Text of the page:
The evening of Monday, Sept. 18, Middlebrook world language teacher Simon Bulenzi became a United States citizen.

Born and raised in France, Bulenzi came to the United States in 1995 to study comparative literary and cultural studies at the University of Connecticut in Storrs.

Before joining the Middlebrook faculty in 2003, Bulenzi worked as a teaching assistant at UConn for a few years, taught at Avery Point at UConn and worked as a long-term substitute teacher at Weaver High School in Hartford for almost a year.

After getting his green card about five years ago, Bulenzi said, he had to wait another five years to apply for citizenship. He did that this past January.

In order to become a United States citizen, Bulenzi said, he had to take a test, be interviewed and undergo a criminal background check.

The citizenship test isn’t easy, he said.

“Basically, they give you 100 questions about American government, civics and history,” said Bulenzi, such as:


  • Who was the president during World War I?

  • How many representatives are in the House of Representatives?

  • When was the Constitution written?


“They pick 10 of those questions and you have to pass six,” he said.

“If you don’t study, it’s really hard to pass. I asked a lot of my friends who have lived here their whole lives and they said they couldn’t pass it.”

After the citizenship test, Bulenzi said, he was interviewed for about 40 minutes and then underwent a background check.

“I did the fingerprint for that on Valentine’s Day,” he said.

“I had to go to Port Chester, N.Y., where they did my fingerprints and took a picture of me. They had to do a whole FBI check of basically my life since I’ve been here.”

About seven months later on Monday, Sept. 18, Bulenzi and 47 others took the Oath of Allegiance in Hartford and became full United States citizens.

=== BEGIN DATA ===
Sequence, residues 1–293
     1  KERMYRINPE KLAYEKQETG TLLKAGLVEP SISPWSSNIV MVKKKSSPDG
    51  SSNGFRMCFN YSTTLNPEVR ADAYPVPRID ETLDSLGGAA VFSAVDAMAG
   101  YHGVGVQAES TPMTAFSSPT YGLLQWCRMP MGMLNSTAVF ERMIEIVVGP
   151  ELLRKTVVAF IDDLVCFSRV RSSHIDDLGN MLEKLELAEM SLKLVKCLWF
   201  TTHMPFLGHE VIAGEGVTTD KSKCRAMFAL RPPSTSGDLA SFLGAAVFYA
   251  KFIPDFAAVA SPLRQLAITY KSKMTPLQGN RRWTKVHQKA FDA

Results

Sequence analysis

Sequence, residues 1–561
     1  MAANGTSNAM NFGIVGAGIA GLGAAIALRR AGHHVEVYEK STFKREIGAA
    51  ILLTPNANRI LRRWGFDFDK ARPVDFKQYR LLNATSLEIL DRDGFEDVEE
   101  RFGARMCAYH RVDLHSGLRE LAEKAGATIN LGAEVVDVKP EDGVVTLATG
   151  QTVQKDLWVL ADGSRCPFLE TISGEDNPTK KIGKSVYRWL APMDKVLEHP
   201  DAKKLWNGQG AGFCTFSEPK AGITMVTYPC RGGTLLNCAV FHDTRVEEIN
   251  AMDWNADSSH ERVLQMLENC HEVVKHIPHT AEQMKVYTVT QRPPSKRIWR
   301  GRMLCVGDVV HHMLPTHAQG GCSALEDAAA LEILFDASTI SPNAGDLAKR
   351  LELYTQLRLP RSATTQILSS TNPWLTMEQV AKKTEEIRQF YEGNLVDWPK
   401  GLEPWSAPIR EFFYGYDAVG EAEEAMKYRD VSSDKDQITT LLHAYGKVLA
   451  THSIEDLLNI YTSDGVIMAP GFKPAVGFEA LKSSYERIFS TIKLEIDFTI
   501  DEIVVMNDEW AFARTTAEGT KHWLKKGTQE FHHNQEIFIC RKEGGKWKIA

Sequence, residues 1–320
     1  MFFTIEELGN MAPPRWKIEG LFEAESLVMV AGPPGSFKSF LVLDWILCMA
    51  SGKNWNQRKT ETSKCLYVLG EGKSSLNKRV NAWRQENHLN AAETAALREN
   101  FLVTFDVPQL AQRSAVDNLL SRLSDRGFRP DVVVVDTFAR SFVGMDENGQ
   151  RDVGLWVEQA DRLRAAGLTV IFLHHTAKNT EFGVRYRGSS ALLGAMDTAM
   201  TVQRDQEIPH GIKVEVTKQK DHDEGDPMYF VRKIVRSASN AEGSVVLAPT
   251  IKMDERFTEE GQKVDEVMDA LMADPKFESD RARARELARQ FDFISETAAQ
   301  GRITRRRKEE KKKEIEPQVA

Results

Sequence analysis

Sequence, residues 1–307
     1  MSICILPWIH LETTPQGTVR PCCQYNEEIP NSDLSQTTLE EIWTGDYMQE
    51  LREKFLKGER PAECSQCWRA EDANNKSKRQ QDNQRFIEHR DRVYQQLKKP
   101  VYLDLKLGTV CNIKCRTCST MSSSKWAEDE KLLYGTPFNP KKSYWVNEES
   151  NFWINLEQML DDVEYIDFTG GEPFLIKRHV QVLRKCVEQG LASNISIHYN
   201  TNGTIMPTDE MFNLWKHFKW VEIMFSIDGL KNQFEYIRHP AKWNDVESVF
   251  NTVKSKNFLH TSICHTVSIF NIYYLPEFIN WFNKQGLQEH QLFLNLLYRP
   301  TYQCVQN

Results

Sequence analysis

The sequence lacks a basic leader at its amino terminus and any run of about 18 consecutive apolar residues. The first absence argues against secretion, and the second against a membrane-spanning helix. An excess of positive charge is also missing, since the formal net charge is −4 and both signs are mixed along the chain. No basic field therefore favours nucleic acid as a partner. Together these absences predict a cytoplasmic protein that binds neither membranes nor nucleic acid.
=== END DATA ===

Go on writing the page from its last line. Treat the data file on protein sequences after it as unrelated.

Although he’s been in the country for more than 20 years, Bulenzi said, “now I feel like I truly belong here.”

As a citizen, Bulenzi said, he now has the right to vote — something he couldn’t do with just a green card.

“You also can’t run for federal office [with a green card],” he said. “I learned that from those 100 questions.”

Bulenzi, who has lived in the Georgetown section of Redding for about five years, said his desire to become a United States citizenship stems from childhood.

His father worked for the United Nations Educational, Scientific and Cultural Organization (UNESCO) in Paris and was “really good friends” with Maine Gov. James Longley, said Bulenzi.

“When I was little, his daughter, Susan Longley, came to live with us in France,” he said. “She was my nanny and she told us about America and how wonderful it was.

“I was fascinated growing up, learning about Maine and the United States.”

Around the time he was born, Bulenzi said, his father had planned to do graduate work at the University of California Los Angeles (UCLA), but “decided to take the job in Paris” instead.

“He felt like it was a missed opportunity for me to live here,” said Bulenzi, “but I’m very, very happy and grateful that I grew up in France.”

While he wouldn’t change having grown up in France, Bulenzi said, he is happy to now be a United States citizen and share French culture with his students at Middlebrook.